Robert Bornstein Explains Horticultural Therapy
Horticultural Therapist: "So plant, how are you feeling today?"
Plant: "Well, doc, this lack-of-rain thing is really bringing me down. Plus I lost a few of my citrus friends last week because of that cold snap, so I can't stop wilting."
Okay, so that's not really the case. But we still had no clue what these folks do, so we Googled around until we found one. And, it turns out, food is a big part of what Robert Bornstein does.
New Times: So what does horticultural therapy involve?
Robert Bornstein: It improves the mind, body, and spirit with the use of plants and plant-related activities.
So you aren't sitting any potted plants on the couch and giving them Freudian analysis?
Everyone makes that joke. No. It's like physical rehab, or occupational rehab, or musical therapy, or art therapy, then they understand plant therapy.
How many are there locally?
There's a few of us running around who are registered with the American Horticultural Therapy Association and there are a few who aren't affiliated with any national organization. Unfortunately, it's not a billable service, so it's not reimbursed by insurance.
Who would call on you?
I have to knock on doors for business 'cause nobody knows what the hell I'm doing. I started the business in 1994. I went to activity directors at nursing homes, independent living facilities and assisted living facilities and built up a clientele. Some of my original clients I'm still working at. I also work at places like the Renfrew Center, which was a woman's eating disorder program and I worked at Memorial Hospital in their psych department. I started at a mental health facility in Miami.
Is this a full time gig for you?
Yes. But I'm doing a lot of other things. I want to segue into helping the world with horticulture as a therapy, not just people in rehab. I go to numerous places throughout Miami.
Do you work with kids?
I'd love to work with the school system, but there's no money. Every place should have horticulture therapy. Every place should have gardens, because kids have problems with eating vegetables and eating properly. It's proven if they grow their own food, they're more likely to try the vegetables and stuff. So it promotes better nutrition. They go home and say, "Mommy, I want carrots!" and "Daddy, I want lettuce. We grew it at school and I want it at home." Then it gets the families to eat better. It's really, really important because our kids are really sick right now.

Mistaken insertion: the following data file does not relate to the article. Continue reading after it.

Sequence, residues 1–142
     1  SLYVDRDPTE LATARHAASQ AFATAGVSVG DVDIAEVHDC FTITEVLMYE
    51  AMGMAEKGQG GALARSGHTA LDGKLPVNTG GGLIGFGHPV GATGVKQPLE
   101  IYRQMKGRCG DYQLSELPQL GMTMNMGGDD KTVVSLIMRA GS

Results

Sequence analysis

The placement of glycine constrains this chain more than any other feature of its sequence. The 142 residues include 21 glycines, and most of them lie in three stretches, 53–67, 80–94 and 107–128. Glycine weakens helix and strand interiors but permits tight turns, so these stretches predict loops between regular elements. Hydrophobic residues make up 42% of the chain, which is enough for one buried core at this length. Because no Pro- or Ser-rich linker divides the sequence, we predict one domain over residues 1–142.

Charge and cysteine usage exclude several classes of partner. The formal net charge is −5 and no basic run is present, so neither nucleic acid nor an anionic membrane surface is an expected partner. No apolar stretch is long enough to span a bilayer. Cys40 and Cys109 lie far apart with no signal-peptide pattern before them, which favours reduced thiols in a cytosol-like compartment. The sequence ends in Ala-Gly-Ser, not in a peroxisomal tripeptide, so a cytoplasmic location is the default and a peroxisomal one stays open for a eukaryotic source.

And seniors are eating so poorly. So many age-related illnesses are nutrition based. It's frightening. Heart disease, cancer, diabetes, a lot of it goes back to nutrition.
It's not necessarily because of these facilities that they're eating poorly. It's the way they ate their whole lives. Their grandparents ate healthy, but each generation is getting sicker and sicker. When I first started in nursing homes it was all old people. Now it's people in their forties and fifties with their legs cut off from diabetes. And I see people in their 40s and 50s with strokes. It's really bad. They say this generation, the new kids, they're going to be dying before their parents. It all goes back to food. With these two families working, they stop off at [a fast food place], they're too tired to cook. These children have diabetes and poor cholesterol. A lot of stuff I do has to do with plants, but it also includes nutrition.
Tomorrow we'll talk about prisoners, honey, getting Baker Acted, and the fruit that keeps you regular.
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